Global Macro: Energy & Health Care Ripe

June 26, 2014

Panelists at’s Global Macro ETF Strategist conference talk about the sweet spots they see.

Investors have been grappling with headline-driven markets since the 2008 crisis, responding to political uncertainty in Washington and geopolitical headlines involving escalating tensions in Iraq, the South China Seas and terrorist activity in Nigeria.

That said, advisors are bullish on opportunities in the heated health care, energy and—given China’s continuing importance in the global economy—base metals, notably aluminum.

Perhaps the biggest headline risk currently lies in the South China Seas, where China is stoking its Asian neighbors, including Vietnam and the Philippines, into disputes over maritime rights.

“I think geopolitical risk is enormous and growing,” said David Kotok, chief investment officer at Cumberland Advisors, during a panel discussion at the Global Macro ETF Strategist conference in New York this morning.

Fellow panelist Dennis Gartman, publisher of the Gartman Letter, said he’s very worried about “hot-headed” 28-year-old South Seas sailors manning naval ships and bumping into each other, further ratcheting up tensions between the countries.

Gartman also said he’s worried about the Islamic terrorist group in Nigeria currently responsible for kidnapping girls in the countryside, possibly affecting the country’s production of crude oil if the group decides to ratchet up its terrorist attacks.

“How do we hedge against that? I haven’t the faintest idea,” said Gartman.

Bullish On Aluminum

However, Gartman was certain on one investment idea: aluminum. He explained that with the combination of China expecting to become one of the world’s largest buyers of cars within the next 20 years, and the Environmental Protection Agency’s ongoing constraints on fuel economy, carmakers will have to adapt to demands from both sides by using lighter materials, specifically aluminum.

Kotok said the energy sector will be a growth sector for investors for the next two decades and is investing in that sector via Energy Select SPDR (XLE | A-95), which he said captures a piece of the energy sector as well.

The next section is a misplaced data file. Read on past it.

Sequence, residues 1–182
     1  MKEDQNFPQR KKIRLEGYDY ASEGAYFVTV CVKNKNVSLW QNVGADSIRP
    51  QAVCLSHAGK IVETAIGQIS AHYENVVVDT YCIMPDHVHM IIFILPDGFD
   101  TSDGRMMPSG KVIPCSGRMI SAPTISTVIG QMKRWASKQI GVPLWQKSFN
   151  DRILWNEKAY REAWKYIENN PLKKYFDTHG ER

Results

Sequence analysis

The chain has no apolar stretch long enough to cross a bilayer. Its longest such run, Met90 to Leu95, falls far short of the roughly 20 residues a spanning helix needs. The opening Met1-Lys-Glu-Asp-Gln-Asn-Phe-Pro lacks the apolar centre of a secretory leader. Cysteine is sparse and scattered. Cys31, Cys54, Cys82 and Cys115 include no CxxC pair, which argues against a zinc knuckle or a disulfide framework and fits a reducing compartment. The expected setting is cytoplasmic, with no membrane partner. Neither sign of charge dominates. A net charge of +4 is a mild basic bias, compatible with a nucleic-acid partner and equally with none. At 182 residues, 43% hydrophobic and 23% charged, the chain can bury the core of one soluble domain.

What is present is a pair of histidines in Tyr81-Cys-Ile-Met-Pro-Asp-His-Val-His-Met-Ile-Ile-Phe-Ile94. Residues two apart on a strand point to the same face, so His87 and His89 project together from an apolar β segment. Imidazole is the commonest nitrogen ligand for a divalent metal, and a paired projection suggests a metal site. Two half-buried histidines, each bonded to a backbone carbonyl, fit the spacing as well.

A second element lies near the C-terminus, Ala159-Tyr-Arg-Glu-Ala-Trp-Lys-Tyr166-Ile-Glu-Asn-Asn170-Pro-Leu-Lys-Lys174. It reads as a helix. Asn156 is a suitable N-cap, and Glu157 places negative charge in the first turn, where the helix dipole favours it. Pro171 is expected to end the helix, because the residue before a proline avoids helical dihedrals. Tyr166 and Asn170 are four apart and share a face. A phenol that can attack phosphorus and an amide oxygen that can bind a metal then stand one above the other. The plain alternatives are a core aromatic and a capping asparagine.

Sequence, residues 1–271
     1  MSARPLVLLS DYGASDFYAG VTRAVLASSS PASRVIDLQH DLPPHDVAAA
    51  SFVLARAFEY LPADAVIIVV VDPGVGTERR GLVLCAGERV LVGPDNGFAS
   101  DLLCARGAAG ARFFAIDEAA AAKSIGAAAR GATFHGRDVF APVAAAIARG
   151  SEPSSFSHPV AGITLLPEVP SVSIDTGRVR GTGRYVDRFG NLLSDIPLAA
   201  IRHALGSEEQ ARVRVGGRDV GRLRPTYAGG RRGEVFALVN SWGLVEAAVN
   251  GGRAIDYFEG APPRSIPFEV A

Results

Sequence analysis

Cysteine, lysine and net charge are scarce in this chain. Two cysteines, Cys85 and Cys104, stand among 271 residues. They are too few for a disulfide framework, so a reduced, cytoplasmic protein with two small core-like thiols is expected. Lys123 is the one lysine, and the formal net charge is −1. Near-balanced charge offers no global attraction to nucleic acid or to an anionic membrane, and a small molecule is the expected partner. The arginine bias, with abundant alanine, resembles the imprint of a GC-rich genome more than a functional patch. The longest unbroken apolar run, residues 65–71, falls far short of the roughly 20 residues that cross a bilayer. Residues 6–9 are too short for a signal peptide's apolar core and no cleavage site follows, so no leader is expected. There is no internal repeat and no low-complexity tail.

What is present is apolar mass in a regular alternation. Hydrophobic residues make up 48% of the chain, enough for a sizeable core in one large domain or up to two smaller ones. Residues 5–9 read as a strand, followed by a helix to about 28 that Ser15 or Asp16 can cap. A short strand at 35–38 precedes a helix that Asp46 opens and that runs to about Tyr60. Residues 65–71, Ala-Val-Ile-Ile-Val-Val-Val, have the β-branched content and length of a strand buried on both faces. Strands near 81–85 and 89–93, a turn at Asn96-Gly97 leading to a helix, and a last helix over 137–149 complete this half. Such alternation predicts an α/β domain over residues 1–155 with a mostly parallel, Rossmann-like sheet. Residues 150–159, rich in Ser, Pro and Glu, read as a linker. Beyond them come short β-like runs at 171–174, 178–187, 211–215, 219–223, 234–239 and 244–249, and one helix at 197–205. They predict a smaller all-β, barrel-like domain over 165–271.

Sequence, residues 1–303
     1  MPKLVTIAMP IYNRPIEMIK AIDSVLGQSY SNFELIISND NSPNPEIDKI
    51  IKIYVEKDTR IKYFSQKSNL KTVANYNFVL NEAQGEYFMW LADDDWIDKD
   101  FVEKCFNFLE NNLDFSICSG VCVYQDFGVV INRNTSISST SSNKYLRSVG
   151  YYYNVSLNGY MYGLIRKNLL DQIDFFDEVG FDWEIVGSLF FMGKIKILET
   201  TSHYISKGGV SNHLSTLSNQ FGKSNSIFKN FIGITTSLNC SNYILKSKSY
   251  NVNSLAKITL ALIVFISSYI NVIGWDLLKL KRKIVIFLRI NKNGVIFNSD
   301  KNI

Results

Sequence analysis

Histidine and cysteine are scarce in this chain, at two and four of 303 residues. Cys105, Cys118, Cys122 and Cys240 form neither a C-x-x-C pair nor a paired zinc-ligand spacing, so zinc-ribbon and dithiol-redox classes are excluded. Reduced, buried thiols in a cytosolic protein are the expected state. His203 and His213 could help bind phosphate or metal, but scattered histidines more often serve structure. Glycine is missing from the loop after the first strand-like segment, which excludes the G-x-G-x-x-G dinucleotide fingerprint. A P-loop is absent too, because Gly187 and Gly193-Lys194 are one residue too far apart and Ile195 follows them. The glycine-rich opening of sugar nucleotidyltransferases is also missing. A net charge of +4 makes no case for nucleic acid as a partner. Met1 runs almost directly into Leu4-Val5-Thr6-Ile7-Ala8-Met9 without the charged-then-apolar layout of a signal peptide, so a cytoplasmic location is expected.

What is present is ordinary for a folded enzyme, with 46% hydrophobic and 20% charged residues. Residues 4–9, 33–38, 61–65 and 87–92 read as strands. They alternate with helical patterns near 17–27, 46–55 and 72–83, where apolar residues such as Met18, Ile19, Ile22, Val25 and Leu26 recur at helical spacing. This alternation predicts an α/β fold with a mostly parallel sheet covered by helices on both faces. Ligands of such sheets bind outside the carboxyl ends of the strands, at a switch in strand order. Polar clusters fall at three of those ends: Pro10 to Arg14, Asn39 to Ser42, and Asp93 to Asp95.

Jim Lowell, chief investment officer at Adviser Investments, said his firm is currently overweighted in the healthcare space because of innovation in the biotech sector as well as robust mergers and acquisition activity within the space.

Lowell also said that demand for better health care in the emerging markets has “great trajectory” going forward.

Bullish On Modi’s India

Within the emerging markets, Steve Cucchiaro, CIO of the world's largest ETF strategist, Windhaven Investment Management, which is managing over $18 billion in assets, said he’s currently bullish on India.

“India is a very interesting place right now,” said Cucchiaro. There’s been a lot of speculation about the election and how Prime Minister Narendra Modi would come in and it would not be business as usual, and there would be structural reforms. If there’s ever a place that has so much potential and so much room for improvement in infrastructure and so many other things, you have to say India is that place.”

Cucchiaro also noted that India’s latest central banker, Raghuram Rajan, is “well-regarded central banker” who, along with Prime Minister Modi, will serve to give India more credibility in the eyes of global investors.

In developed markets, Cucchiaro also mentioned that his firm is currently bullish on ETF that have exposure to large-cap U.S. equities and the Nasdaq 100 Index, real estate investment trusts and divided appreciating stocks.

He’s also bullish on hedged Japanese equities ETFs, and ETFs that have exposure to U.K. and German equities. He declined to name specific ticker symbols citing firm compliance policies.



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